We look forward to the challenge in hopes of coming out the other side of this drought as more capable individuals, better business people and improved capacity for acceptance. Hopefully we can take a cue from the Native people and make the best of it. To take what comes as a challenge, prepare for it, and figure out how to bring about a "free"plate of crab stuffed mushrooms from the deal. "Hello! My name is Hot, and Dry I will be your waitre...

Copyright©2003 Twin Rocks Trading Post

Wednesday, May 21, 2003

Growing up with Rugs, and the Rug Evolution

Navajo rugs have been part of my life as long as I can remember. When I was young, as a result of my father's love of the trading business, we often had rugs layered three deep on the floor of our home in Bluff, Utah. Although I do not specifically remember the patterns, sizes or who wove the rugs, I certainly remember the warmth they brought to the house. The deep reds of the Ganado patterns, and soft earth tones of the Two Grey Hills weavings have stayed in my memory, even though the rugs have long since been sold or traded to new owners. I also remember the Indian traders of that era telling me that Navajo rugs would no longer be made by the time I reached their age. The implication was that Navajo weaving was a dying art. Fortunately, those predictions have proven inaccurate. In spite of some difficult times, Navajo rug weaving is alive and well.

Twin Rocks Trading Post Rug Area
Twin Rocks Trading Post's Rug Area

My father, William W. "Duke" Simpson, had always wanted to open a trading post in Bluff. His dream was realized when Twin Rocks Trading Post opened in the summer of 1989. By that time, I was aware of the history of Navajo weaving, and had visions of influencing a new regional style. The hope was that the new rug pattern would become known as the Twin Rocks style. Of course I had no idea what that pattern might be, but was confident that anything was possible. I knew of early traders such as Lorenzo Hubbell, C.N. Cotton and J.B. Moore, and how they kept Navajo weaving alive and infused it with new vitality in the late 1800s and early 1900s. It was their work that led to what we now view as traditional regional patterns.

After working on the project for a few years, I began to worry that the time for trading posts influencing new styles of Navajo weaving had passed. The trading post era had long since ended, and contemporary traders were generally not as closely affiliated with the weavers as the old traders had been. The new mobility resulting from paved roads and readily available transportation had liberated the weavers. No longer were Ganado Reds woven only near Ganado, Arizona or Two Grey Hills weavings created exclusively near Newcomb, New Mexico. It was now possible to find these patterns being made on virtually any part of the Reservation.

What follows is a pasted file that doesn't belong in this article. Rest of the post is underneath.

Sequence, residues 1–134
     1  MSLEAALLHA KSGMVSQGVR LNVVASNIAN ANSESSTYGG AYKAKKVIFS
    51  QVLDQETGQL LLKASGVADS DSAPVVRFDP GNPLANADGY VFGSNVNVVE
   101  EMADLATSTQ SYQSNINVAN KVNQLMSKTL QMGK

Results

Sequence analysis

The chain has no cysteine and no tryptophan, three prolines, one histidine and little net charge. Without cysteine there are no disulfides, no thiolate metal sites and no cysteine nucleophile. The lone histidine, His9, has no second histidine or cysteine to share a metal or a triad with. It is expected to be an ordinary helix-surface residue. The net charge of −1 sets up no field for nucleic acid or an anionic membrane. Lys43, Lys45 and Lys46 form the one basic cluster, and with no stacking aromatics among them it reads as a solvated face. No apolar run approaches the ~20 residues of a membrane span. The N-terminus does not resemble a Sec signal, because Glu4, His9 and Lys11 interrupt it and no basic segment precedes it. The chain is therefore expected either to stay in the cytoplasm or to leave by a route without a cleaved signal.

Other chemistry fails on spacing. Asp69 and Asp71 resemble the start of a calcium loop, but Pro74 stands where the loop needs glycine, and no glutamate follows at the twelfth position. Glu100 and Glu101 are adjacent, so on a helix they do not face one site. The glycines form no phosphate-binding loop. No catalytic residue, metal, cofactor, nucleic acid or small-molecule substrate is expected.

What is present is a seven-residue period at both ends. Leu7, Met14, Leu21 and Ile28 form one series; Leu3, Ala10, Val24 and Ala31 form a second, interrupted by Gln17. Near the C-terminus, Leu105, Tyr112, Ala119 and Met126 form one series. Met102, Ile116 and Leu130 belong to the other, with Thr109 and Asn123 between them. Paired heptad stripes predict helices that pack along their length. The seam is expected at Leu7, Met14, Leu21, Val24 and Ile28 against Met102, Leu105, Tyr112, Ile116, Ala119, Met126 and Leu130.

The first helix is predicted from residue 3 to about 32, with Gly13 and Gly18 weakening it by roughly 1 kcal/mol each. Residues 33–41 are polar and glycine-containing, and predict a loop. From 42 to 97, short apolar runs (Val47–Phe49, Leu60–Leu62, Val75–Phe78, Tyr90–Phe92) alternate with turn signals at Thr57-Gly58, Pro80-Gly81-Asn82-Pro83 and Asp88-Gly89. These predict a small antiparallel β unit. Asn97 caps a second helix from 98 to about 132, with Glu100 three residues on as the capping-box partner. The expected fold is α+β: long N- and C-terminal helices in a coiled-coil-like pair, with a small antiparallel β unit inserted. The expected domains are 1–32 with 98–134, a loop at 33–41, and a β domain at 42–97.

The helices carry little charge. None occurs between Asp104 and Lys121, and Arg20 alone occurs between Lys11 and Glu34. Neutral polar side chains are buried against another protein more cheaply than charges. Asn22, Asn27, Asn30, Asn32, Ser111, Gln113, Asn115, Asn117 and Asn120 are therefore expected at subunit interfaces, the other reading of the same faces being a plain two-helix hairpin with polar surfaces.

As we pursued our ambition of creating a new regional pattern, it became apparent to us that many of the weavers we saw did not want to weave the same patterns over and over again. The creative floodgates had been opened, the weavers had been exposed to a variety of outside influences and they felt free to create their own personal styles. That, of course, did not bode well for our project. We noticed very quickly, however, that many of these new weavings were very creative, and that this new movement was even better than what we had envisioned. These new patterns were frequently stunning, and generated genuine passion in the patrons who came to the trading post. That passion sometimes manifested itself in the form of very strong feelings that the weavers had abandoned their traditions. We felt, however, that the weavers were forcing people to think about what was happening in contemporary Navajo culture. That seemed like real progress to us. It also seemed that the weavers were following the very strong Navajo traidition of quickly adapting to change; the most enduring Navajo characteristic. Based upon this new understanding, our focus changed from attempting to influence a new regional pattern to being a catalyst for innovation. We now encourage and attempt to facilitate this new creativity in every way possible.